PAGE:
Just to put it into perspective, a large G&T or an ordinary medium sized glass or rosé is two units, people! We could (as I also have in the past) convince ourselves that these stats may well be based on very small people. However, perhaps more scarily, alcohol is directly linked to significantly increased risks of heart disease, strokes and liver disease, as well as seven different types of cancer. It is thought to cause one in every 13 cases of breast cancer in the UK. Again, Gulp!

I’m guessing that these are not statistics applying mainly to students in their twenties? Scarily I’m now their target audience. Finally, there’s the effect on our mental health, which I’m sure most of you readers will recognise: being short tempered with the kids, getting rubbish low-quality sleep, having negative thoughts and worries, and generally feeling low after a batch of boozy nights.

Dry January (or in the case of Australia, Dry July), is a term that many of you will know and might well be partaking in as you read this. It was devised by the group Alcohol Concern a few years ago in the UK. Three million people took part last year and an estimated five million are giving it a go in the UK now.

Some, including me, have always hung on to the idea that a month off booze must do more harm than good. Surely better to just cut back? However, if I’m being honest I haven’t ever really consciously cut back! Maybe I’ve held off the urge to crack open a bottle on a Tuesday whilst watching the new series of Luther, but that’s as far as ‘cutting back’ goes! Plus, does only moderating the vino consumption actually help our body to recover properly?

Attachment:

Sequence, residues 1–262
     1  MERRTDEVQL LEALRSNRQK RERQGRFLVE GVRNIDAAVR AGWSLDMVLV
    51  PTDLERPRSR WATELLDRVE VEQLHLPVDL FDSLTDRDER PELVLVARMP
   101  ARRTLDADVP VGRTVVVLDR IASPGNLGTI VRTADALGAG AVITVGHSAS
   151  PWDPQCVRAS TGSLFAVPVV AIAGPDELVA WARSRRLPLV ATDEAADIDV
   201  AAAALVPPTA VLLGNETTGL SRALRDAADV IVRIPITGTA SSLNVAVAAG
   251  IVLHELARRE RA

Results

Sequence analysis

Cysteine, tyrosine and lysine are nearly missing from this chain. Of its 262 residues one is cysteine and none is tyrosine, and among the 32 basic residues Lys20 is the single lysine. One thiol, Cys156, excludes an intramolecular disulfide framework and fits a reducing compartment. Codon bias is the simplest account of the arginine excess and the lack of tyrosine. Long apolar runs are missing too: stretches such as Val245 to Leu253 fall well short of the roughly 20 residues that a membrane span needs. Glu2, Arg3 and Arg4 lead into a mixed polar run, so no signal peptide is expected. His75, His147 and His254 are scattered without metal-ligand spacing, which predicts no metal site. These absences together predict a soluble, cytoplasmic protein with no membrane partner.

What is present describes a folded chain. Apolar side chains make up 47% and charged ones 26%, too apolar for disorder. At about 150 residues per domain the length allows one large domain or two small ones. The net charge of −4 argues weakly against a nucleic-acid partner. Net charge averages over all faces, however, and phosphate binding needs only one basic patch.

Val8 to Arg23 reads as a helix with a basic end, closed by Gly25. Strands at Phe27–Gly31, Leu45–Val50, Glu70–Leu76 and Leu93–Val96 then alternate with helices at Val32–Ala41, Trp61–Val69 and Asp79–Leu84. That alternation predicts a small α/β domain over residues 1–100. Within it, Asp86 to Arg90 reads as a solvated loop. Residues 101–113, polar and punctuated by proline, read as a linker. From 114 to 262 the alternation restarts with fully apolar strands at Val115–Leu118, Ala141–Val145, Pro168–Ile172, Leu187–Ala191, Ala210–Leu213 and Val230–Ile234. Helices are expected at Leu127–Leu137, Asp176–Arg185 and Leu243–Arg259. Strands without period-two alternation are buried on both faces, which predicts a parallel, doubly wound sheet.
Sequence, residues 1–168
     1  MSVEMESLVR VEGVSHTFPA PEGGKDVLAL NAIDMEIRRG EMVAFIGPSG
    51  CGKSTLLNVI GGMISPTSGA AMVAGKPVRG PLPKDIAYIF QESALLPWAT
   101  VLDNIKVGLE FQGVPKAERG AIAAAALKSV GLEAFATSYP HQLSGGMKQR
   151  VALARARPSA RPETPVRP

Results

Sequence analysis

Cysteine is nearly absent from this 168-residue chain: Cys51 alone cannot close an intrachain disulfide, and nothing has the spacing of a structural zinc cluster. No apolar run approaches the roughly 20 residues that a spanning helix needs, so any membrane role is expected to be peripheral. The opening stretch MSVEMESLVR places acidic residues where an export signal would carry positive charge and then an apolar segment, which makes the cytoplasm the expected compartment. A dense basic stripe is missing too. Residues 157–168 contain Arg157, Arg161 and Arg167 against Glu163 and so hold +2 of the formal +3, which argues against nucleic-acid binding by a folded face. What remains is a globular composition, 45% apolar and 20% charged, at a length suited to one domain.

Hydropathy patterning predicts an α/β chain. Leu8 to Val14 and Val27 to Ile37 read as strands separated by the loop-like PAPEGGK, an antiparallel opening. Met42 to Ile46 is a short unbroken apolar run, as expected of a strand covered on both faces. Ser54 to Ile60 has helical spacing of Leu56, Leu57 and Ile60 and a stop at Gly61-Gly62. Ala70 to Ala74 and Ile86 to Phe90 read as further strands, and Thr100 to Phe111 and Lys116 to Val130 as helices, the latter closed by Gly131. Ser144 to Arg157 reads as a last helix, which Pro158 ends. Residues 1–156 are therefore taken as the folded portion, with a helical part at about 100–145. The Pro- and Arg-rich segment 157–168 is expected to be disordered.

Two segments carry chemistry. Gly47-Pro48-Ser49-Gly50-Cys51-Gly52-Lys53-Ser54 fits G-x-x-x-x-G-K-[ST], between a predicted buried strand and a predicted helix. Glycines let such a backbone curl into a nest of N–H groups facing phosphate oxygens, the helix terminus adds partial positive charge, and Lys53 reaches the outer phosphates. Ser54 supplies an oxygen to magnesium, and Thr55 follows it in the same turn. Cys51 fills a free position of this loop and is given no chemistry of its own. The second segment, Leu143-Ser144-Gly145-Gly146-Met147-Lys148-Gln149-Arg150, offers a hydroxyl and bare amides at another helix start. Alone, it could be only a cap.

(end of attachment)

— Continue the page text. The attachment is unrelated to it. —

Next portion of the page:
Well here’s some good news for those who have taken the leap this month: a study at the University of Sussex in the UK backs up the idea that abstaining for a while does encourage good patterns of behaviour — helping people drink less in the long term. According to them, a month off can also have long lasting health benefits for as long as eight months afterwards.

There are also considerable immediate benefits: nine in 10 people save money, seven in ten sleep better, and three in five lose weight.

Read more: 8 Things that Happened When I Cut Out Sugar for a Month

For me this year has been the one to give it a try. The pros of having a month off outweighed the cons, as a kick-start to a positive year, with the obvious added health benefits. I’m also hoping it’s a way to find out how great I can feel. Maybe it’s not just a depressing trait of turning 40 that I’m never going to be as springy and clear headed as I once was! There’s also the reassurance that (said in a whisper) a month off the lady petrol is not going to be as hard as I presumed it was going to be!